Syria Aleppo ceasefire
People walk on the rubble of damaged buildings after an air strike in the rebel-held area of Aleppo's Baedeen districtAbdalrhman Ismail/Reuters

The US and Russia have agreed to extend a fragile ceasefire to Aleppo, one of the worst-affected provinces in Syria. The agreement, which was reached on 3 May, has already come into effect.

The truce comes into force even as the UN accused President Bashar al-Assad's regime of carrying out war crimes. The US State Department said the parties involved have consented to cease all hostilities from 4 May midnight but the Syrian regime said the truce would begin on 5 May at 1am. Details of the agreement remain murky as there has been no word on the duration of the truce and whether there are any conditions attached to it.

US Secretary of State John Kerry said in a statement: "We expect all the parties to the cessation of hostilities to fully abide by the renewed cessation in Aleppo. That means the regime and the opposition alike."

"We will continue to work to de-escalate the violence all across Syria in hopes of being able to move back to the talks as soon as people have a confidence that this is really taking hold, and that we have laid the groundwork for the ability to be able to go back," he added. Sporadic fighting was reported in Aleppo until the final moments of the ceasefire arrangement.

Whether the truce, which was clinched after days of diplomatic wrangling, proves to be successful depends on how durable the agreement is. The Aleppo deal was reached after reaffirmations from the US and Russia that though the ceasefire remained volatile in several parts of the country, they would try to extend it.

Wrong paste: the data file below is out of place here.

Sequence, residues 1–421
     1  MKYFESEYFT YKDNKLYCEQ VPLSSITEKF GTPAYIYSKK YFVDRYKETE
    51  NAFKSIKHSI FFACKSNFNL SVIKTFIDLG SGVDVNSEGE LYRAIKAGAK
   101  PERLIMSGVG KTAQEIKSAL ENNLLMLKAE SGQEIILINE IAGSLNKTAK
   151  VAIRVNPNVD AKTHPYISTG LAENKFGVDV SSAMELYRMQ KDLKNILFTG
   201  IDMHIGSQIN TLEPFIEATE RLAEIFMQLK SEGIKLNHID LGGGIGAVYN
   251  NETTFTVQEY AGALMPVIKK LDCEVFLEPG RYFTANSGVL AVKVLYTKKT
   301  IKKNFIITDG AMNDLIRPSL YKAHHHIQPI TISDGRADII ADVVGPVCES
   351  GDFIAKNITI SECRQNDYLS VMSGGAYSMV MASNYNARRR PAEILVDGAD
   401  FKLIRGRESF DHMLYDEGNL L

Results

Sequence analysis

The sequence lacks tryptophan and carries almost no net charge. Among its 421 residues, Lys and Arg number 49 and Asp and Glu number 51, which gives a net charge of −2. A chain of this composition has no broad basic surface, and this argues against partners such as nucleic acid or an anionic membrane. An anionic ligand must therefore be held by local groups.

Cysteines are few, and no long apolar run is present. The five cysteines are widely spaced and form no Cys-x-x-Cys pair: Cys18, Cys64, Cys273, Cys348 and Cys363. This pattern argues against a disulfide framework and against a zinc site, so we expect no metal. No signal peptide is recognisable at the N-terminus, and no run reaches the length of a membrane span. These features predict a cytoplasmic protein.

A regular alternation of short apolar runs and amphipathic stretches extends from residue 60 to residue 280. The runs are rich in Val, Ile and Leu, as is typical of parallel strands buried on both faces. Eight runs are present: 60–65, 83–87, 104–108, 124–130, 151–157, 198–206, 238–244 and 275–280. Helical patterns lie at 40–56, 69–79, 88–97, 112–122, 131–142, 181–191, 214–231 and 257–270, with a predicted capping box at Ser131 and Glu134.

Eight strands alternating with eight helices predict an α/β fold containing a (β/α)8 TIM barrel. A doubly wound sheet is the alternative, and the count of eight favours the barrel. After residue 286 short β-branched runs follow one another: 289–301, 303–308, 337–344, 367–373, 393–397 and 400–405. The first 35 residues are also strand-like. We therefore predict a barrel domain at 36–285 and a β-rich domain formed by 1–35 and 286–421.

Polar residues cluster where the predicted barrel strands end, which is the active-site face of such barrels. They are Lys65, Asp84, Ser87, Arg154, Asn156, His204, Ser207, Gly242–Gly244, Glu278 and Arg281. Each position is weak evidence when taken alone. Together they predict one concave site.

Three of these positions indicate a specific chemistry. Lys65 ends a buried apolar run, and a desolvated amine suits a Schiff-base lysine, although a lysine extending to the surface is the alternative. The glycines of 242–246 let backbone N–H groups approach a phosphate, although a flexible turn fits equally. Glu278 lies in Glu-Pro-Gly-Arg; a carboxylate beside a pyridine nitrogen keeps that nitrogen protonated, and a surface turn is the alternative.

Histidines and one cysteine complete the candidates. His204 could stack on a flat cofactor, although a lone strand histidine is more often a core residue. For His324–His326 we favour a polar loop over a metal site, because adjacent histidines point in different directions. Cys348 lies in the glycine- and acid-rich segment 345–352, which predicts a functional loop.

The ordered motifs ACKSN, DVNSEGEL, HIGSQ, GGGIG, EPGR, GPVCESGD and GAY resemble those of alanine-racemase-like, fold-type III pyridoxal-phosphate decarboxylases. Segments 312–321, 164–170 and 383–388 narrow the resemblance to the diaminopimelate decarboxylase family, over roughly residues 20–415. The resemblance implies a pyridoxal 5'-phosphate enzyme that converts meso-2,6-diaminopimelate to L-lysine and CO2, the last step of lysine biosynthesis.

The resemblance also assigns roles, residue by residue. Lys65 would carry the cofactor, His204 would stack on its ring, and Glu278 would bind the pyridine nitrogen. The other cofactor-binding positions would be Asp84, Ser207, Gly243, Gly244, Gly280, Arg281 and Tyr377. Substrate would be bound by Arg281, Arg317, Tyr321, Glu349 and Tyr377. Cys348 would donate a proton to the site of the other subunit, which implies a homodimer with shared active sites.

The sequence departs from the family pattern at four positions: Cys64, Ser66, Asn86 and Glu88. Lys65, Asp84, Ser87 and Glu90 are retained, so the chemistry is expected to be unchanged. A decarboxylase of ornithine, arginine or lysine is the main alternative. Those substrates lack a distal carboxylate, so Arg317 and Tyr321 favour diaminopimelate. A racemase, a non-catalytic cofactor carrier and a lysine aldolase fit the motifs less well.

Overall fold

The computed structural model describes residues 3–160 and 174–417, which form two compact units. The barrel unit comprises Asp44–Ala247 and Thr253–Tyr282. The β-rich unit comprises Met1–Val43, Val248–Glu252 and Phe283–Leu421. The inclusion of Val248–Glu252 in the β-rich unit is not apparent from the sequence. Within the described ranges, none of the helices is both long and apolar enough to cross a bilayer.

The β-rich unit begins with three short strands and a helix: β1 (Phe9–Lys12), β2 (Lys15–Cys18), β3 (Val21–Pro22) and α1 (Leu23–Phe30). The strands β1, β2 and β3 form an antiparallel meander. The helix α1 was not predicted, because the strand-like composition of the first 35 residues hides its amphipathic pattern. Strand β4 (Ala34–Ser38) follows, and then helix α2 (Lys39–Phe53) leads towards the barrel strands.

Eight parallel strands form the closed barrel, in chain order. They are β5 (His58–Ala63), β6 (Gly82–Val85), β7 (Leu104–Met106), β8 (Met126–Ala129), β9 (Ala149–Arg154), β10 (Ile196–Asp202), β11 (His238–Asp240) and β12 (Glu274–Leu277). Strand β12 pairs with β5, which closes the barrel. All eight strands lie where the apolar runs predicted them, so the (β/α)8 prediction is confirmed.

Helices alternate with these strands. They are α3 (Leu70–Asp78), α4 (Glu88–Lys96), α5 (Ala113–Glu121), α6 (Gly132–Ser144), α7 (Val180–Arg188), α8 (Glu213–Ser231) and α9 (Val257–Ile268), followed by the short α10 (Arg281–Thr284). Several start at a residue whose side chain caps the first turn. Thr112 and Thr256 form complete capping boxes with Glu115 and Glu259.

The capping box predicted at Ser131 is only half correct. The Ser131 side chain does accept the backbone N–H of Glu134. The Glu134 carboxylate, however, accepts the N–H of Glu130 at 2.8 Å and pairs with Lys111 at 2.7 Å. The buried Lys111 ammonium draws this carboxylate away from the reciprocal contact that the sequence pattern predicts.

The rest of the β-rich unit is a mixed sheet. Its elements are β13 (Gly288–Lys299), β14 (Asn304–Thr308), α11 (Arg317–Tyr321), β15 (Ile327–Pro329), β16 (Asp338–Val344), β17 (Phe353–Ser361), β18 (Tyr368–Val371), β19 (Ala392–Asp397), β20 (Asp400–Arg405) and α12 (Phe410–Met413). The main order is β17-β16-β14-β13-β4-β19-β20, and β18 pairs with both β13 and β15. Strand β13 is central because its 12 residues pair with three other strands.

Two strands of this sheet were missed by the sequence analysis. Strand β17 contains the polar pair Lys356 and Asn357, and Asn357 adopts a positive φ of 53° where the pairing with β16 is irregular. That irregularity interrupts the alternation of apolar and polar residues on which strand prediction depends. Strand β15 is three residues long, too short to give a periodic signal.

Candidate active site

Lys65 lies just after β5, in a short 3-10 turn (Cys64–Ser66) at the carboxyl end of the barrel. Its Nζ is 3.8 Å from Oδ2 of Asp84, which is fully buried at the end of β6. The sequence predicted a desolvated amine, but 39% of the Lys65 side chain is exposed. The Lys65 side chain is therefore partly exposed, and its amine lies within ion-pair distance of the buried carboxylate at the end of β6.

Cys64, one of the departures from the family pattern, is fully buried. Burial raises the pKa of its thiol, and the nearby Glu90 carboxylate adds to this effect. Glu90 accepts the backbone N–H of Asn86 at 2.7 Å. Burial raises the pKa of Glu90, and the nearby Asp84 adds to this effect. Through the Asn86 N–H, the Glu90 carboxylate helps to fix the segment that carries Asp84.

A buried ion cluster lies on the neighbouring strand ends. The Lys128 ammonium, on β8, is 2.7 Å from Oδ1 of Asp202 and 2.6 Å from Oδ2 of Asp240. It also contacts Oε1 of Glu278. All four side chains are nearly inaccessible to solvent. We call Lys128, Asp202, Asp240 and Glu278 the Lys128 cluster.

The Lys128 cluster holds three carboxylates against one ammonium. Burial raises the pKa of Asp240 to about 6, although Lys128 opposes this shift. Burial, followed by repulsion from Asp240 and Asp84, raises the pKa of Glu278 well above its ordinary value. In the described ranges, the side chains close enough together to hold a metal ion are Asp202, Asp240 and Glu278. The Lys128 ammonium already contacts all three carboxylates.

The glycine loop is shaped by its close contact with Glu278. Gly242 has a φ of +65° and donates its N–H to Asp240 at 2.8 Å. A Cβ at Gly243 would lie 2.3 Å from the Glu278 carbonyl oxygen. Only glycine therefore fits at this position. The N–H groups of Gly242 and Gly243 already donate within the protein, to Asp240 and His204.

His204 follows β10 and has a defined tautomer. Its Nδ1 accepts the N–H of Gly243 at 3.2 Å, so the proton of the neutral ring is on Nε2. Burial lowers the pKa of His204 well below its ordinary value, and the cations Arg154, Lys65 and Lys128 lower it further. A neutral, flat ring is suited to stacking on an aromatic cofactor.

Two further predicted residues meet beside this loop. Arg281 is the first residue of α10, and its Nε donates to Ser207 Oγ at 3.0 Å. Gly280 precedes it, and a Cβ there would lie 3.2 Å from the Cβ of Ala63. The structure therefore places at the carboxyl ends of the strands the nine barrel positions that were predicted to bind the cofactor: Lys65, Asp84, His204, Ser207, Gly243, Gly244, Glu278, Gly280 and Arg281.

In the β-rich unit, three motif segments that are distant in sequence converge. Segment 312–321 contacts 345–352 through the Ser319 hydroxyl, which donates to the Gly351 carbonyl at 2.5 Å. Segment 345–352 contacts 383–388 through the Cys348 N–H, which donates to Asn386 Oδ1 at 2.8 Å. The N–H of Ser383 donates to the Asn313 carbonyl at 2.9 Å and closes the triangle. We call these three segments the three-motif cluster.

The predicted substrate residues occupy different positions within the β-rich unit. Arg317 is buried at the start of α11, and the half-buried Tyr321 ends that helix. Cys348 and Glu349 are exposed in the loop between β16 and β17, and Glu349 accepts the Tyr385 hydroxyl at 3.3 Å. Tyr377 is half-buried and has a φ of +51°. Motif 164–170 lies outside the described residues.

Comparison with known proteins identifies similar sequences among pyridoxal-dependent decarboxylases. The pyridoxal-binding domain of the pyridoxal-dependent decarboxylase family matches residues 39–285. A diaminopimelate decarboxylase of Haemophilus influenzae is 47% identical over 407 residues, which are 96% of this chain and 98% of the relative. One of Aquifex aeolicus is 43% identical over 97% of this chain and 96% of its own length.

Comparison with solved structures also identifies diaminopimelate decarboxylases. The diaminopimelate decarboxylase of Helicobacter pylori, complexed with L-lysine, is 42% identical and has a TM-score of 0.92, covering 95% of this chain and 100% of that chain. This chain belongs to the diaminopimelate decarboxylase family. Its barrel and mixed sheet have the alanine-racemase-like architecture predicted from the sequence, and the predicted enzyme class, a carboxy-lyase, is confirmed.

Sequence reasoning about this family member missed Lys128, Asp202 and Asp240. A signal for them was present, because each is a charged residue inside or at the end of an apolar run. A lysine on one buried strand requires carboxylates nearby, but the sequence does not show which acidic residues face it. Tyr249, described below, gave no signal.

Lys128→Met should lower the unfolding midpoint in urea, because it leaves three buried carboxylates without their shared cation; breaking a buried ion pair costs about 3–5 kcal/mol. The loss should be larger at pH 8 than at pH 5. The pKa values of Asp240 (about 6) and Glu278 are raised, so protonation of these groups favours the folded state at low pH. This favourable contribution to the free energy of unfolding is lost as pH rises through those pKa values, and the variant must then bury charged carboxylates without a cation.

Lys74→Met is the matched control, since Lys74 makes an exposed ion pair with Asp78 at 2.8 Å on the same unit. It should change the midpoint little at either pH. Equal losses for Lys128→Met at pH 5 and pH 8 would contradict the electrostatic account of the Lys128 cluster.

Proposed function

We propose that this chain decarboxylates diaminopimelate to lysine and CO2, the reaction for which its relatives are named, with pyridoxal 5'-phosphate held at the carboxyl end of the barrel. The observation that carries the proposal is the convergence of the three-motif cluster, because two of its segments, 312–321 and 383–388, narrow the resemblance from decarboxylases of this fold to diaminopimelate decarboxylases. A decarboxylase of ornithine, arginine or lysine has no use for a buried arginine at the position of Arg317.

Syria: Airstrikes hit embattled city of AleppoIBTimes UK

However, the cessation of hostilities does not apply to Islamic State (Isis) and al-Qaeda-affiliated Nusra Front as they have never been part of the negotiations. Assad's Syrian government said the "regime of calm" would be implemented in Aleppo. Russia's defence ministry spokesperson Igor Konashenkov has also released a formal statement confirming the agreement.

Meanwhile, top UN officials have yet again accused Assad of carrying out war crimes in the strife-torn country. UN's humanitarian aid chief Stephen O'Brien and political affairs official Jeffrey Feltman told the UN Security Council that Assad should face a trial in The Hague. "Those responsible for war crimes must be held to account," said Feltman.